The latest revelation on the NSA's spying practices takes hacking to blockbuster movie levels, profiling the agency's elite hacking squad known as TAO.

The Office of Tailored Access Operations is the NSA's team of mostly young master hackers, who are tasked with gaining access to the most difficult targets. (Via Wikimedia Commons)

The new report published Sunday by Der Spiegel described the group as "something like a squad of plumbers that can be called in when normal access to a target is blocked."

They do this by looking for any vulnerabilities in the target's system. Here's an example: Say the target is using Windows, and the operating system sends an error report to Microsoft. TAO can intercept that report, figure out the computer's weak spots and then bombard it with malware.

Or say the target is ordering a computer or other device online. The group can intercept the device in the mail, install hardware or software that will allow them to gain access, then re-package the order and send it on its way. (Via Amazon)

An editor for Boing Boing comments: "I know an ex-MI5 whistleblower who only buys computers by walking into a store at random and plucking them off the shelf, to prevent this sort of attack. When I learned about this practice, it sounded a little paranoid to me, but it seems that it's actually a very reasonable precaution."

The group can gain access to networking equipment made by Cisco, Western Digital, Juniper, Dell and many others. But here's where it really starts to sound like a spy movie.

According to a second report from Der Spiegel, NSA employees have access to a 50-page catalog of electronic break-in tools, designed to crack pretty much any system out there. It's comparable to the James Bond franchise's Q Branch.

These include "computer monitor cables specially designed to record typing in real-time, USB sticks containing radio transmitters to broadcast stolen data over airwaves ... and faux base stations set up to intercept mobile phone signals." (Via Time)

According to the report, TAO is one of the fastest-growing divisions within the NSA, recruiting hundreds of hackers to add to its ranks over the last five years.

New Report Profiles NSA's Master Hacker Division, TAO

by Steven Sparkman
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Transcript
Dec 29, 2013

New Report Profiles NSA's Master Hacker Division, TAO

(Image source: Wikimedia Commons)

BY Steven Sparkman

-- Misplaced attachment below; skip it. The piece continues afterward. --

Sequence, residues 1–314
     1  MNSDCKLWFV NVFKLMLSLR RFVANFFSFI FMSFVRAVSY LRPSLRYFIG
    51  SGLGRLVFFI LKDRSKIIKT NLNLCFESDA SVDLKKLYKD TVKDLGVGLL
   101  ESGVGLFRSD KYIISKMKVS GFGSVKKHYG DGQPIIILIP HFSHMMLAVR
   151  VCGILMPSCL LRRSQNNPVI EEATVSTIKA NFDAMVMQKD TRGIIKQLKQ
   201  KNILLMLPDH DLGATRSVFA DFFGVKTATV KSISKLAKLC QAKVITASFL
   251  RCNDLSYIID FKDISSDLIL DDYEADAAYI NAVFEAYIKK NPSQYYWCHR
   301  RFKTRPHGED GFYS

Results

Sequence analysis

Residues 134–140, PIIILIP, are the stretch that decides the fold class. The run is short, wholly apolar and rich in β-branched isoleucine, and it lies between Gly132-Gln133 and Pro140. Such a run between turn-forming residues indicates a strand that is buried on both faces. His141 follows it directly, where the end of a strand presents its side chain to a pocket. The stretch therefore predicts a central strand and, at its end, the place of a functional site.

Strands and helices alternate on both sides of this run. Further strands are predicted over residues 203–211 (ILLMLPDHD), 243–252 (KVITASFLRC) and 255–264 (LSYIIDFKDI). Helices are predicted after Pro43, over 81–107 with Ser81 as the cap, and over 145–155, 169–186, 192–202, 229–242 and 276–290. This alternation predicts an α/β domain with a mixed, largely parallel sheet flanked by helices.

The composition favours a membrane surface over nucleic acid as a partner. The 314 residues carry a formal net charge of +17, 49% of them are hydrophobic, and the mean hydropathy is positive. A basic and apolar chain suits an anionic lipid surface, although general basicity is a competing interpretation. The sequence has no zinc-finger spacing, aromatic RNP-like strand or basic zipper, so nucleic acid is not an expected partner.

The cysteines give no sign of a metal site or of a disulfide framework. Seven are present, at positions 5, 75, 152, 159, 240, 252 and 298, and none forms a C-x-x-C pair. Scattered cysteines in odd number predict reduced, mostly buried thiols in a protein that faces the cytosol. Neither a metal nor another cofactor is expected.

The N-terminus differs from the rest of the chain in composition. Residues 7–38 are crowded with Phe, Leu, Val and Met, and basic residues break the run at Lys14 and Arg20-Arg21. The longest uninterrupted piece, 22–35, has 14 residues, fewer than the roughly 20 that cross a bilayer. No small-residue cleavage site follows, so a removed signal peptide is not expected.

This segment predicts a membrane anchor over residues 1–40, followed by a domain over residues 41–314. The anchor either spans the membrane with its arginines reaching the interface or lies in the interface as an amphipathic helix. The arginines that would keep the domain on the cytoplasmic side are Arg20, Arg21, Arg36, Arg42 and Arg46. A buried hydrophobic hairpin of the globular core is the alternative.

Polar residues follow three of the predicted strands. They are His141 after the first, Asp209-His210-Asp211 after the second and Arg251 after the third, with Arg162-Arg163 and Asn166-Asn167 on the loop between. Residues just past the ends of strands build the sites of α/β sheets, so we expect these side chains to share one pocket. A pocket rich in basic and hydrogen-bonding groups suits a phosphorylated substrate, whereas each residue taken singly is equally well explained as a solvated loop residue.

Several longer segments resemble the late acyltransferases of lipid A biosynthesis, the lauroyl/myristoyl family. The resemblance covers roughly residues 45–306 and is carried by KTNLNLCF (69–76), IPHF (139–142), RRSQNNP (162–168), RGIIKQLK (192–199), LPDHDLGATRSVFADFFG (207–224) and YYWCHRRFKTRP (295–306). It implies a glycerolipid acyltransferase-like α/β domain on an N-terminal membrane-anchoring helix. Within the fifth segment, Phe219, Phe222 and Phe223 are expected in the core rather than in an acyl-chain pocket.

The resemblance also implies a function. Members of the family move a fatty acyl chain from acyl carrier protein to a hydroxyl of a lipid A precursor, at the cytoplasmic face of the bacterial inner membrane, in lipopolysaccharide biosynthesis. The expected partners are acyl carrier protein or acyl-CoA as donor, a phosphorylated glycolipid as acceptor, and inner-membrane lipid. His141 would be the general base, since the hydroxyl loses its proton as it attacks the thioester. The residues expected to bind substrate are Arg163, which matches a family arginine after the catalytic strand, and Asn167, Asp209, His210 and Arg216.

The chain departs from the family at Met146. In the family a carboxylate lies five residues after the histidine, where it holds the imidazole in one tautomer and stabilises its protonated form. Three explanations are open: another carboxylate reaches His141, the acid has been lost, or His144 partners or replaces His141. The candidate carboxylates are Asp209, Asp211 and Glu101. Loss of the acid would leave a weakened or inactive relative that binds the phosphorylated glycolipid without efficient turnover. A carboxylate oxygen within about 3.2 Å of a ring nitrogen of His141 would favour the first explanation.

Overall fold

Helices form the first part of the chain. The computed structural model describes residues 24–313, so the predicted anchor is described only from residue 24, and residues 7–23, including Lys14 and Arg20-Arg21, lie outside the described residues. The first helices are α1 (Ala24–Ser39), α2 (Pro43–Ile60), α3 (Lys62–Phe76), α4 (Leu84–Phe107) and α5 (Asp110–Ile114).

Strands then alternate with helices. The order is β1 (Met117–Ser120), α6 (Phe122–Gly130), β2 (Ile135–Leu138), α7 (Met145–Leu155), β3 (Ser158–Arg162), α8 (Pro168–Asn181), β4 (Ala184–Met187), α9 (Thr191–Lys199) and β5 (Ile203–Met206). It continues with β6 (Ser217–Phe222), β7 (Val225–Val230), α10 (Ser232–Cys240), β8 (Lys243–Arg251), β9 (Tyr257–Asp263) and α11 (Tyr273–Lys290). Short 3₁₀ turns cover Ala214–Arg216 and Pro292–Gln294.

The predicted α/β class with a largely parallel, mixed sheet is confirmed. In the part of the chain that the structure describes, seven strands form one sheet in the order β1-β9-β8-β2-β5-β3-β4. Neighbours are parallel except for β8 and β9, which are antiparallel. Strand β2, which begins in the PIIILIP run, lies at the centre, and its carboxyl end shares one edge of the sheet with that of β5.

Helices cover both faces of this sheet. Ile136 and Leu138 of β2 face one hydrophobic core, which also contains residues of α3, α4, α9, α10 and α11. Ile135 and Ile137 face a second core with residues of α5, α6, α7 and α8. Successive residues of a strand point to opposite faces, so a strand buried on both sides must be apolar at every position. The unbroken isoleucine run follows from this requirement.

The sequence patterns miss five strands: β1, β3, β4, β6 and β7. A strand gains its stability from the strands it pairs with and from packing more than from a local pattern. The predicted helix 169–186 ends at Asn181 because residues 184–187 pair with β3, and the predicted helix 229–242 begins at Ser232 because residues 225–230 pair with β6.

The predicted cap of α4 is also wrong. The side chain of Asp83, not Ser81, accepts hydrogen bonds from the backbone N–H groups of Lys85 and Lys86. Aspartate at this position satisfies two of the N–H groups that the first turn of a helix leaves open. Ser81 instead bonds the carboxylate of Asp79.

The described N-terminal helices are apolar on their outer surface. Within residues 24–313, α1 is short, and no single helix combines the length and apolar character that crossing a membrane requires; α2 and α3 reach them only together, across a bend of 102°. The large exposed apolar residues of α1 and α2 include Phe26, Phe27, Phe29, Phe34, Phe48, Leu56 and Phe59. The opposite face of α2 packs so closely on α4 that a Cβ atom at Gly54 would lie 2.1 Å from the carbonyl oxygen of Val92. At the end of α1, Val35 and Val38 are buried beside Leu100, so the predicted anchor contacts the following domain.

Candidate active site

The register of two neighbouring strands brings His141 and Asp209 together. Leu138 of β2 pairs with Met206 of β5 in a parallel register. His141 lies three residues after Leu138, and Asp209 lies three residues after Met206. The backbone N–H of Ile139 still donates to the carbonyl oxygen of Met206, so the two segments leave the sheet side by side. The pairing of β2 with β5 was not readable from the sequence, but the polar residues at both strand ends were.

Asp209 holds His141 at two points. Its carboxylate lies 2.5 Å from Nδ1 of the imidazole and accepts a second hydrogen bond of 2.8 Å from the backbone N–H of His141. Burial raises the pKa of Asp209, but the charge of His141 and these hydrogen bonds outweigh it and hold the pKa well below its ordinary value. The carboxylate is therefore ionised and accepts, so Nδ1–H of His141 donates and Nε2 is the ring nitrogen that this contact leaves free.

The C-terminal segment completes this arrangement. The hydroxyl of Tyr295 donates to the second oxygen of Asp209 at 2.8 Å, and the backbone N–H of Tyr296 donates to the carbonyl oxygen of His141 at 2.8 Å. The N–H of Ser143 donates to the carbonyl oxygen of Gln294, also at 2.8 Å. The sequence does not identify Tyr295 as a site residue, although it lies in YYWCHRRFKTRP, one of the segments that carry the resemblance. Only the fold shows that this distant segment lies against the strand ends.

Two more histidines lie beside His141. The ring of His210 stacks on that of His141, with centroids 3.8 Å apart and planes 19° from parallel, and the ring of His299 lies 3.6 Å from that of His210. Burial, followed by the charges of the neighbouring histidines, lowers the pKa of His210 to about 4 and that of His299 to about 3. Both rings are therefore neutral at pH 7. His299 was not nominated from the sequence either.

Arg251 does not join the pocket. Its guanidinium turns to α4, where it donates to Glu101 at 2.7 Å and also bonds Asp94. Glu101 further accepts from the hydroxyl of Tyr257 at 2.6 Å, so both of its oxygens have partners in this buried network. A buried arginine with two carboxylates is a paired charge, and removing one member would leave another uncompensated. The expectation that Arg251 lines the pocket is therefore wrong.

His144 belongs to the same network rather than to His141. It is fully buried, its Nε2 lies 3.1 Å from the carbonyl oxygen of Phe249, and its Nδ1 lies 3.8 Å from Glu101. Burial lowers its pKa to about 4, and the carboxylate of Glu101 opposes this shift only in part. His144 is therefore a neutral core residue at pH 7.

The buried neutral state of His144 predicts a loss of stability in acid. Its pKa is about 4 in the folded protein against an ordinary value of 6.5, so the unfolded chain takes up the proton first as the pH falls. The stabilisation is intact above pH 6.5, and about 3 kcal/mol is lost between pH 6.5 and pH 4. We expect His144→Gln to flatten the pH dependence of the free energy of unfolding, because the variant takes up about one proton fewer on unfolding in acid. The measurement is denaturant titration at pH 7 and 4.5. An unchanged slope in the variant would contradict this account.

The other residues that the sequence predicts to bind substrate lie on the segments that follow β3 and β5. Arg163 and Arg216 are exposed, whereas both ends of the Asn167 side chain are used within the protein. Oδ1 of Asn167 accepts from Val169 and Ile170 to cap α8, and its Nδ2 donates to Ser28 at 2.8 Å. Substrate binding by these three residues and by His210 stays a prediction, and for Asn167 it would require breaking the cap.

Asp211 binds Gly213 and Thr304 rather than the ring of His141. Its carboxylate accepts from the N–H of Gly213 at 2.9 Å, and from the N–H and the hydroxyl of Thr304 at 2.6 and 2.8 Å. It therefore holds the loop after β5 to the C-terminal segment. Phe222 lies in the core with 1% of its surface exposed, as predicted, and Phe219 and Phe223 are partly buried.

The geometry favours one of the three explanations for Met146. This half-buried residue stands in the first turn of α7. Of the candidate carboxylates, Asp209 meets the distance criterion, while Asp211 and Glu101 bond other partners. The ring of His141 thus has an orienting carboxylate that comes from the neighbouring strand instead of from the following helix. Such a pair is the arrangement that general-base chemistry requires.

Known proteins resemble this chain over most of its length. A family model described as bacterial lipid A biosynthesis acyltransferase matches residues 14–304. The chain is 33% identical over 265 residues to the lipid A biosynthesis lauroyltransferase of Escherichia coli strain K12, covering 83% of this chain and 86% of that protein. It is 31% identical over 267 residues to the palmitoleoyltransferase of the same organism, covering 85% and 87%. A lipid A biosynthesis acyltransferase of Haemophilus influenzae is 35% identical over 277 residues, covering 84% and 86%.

The latest revelation on the NSA's spying practices takes hacking to blockbuster movie levels, profiling the agency's elite hacking squad known as TAO.

The Office of Tailored Access Operations is the NSA's team of mostly young master hackers, who are tasked with gaining access to the most difficult targets. (Via Wikimedia Commons)

The new report published Sunday by Der Spiegel described the group as "something like a squad of plumbers that can be called in when normal access to a target is blocked."

They do this by looking for any vulnerabilities in the target's system. Here's an example: Say the target is using Windows, and the operating system sends an error report to Microsoft. TAO can intercept that report, figure out the computer's weak spots and then bombard it with malware.

Or say the target is ordering a computer or other device online. The group can intercept the device in the mail, install hardware or software that will allow them to gain access, then re-package the order and send it on its way. (Via Amazon)

An editor for Boing Boing comments: "I know an ex-MI5 whistleblower who only buys computers by walking into a store at random and plucking them off the shelf, to prevent this sort of attack. When I learned about this practice, it sounded a little paranoid to me, but it seems that it's actually a very reasonable precaution."

The group can gain access to networking equipment made by Cisco, Western Digital, Juniper, Dell and many others. But here's where it really starts to sound like a spy movie.

According to a second report from Der Spiegel, NSA employees have access to a 50-page catalog of electronic break-in tools, designed to crack pretty much any system out there. It's comparable to the James Bond franchise's Q Branch.

These include "computer monitor cables specially designed to record typing in real-time, USB sticks containing radio transmitters to broadcast stolen data over airwaves ... and faux base stations set up to intercept mobile phone signals." (Via Time)

According to the report, TAO is one of the fastest-growing divisions within the NSA, recruiting hundreds of hackers to add to its ranks over the last five years.

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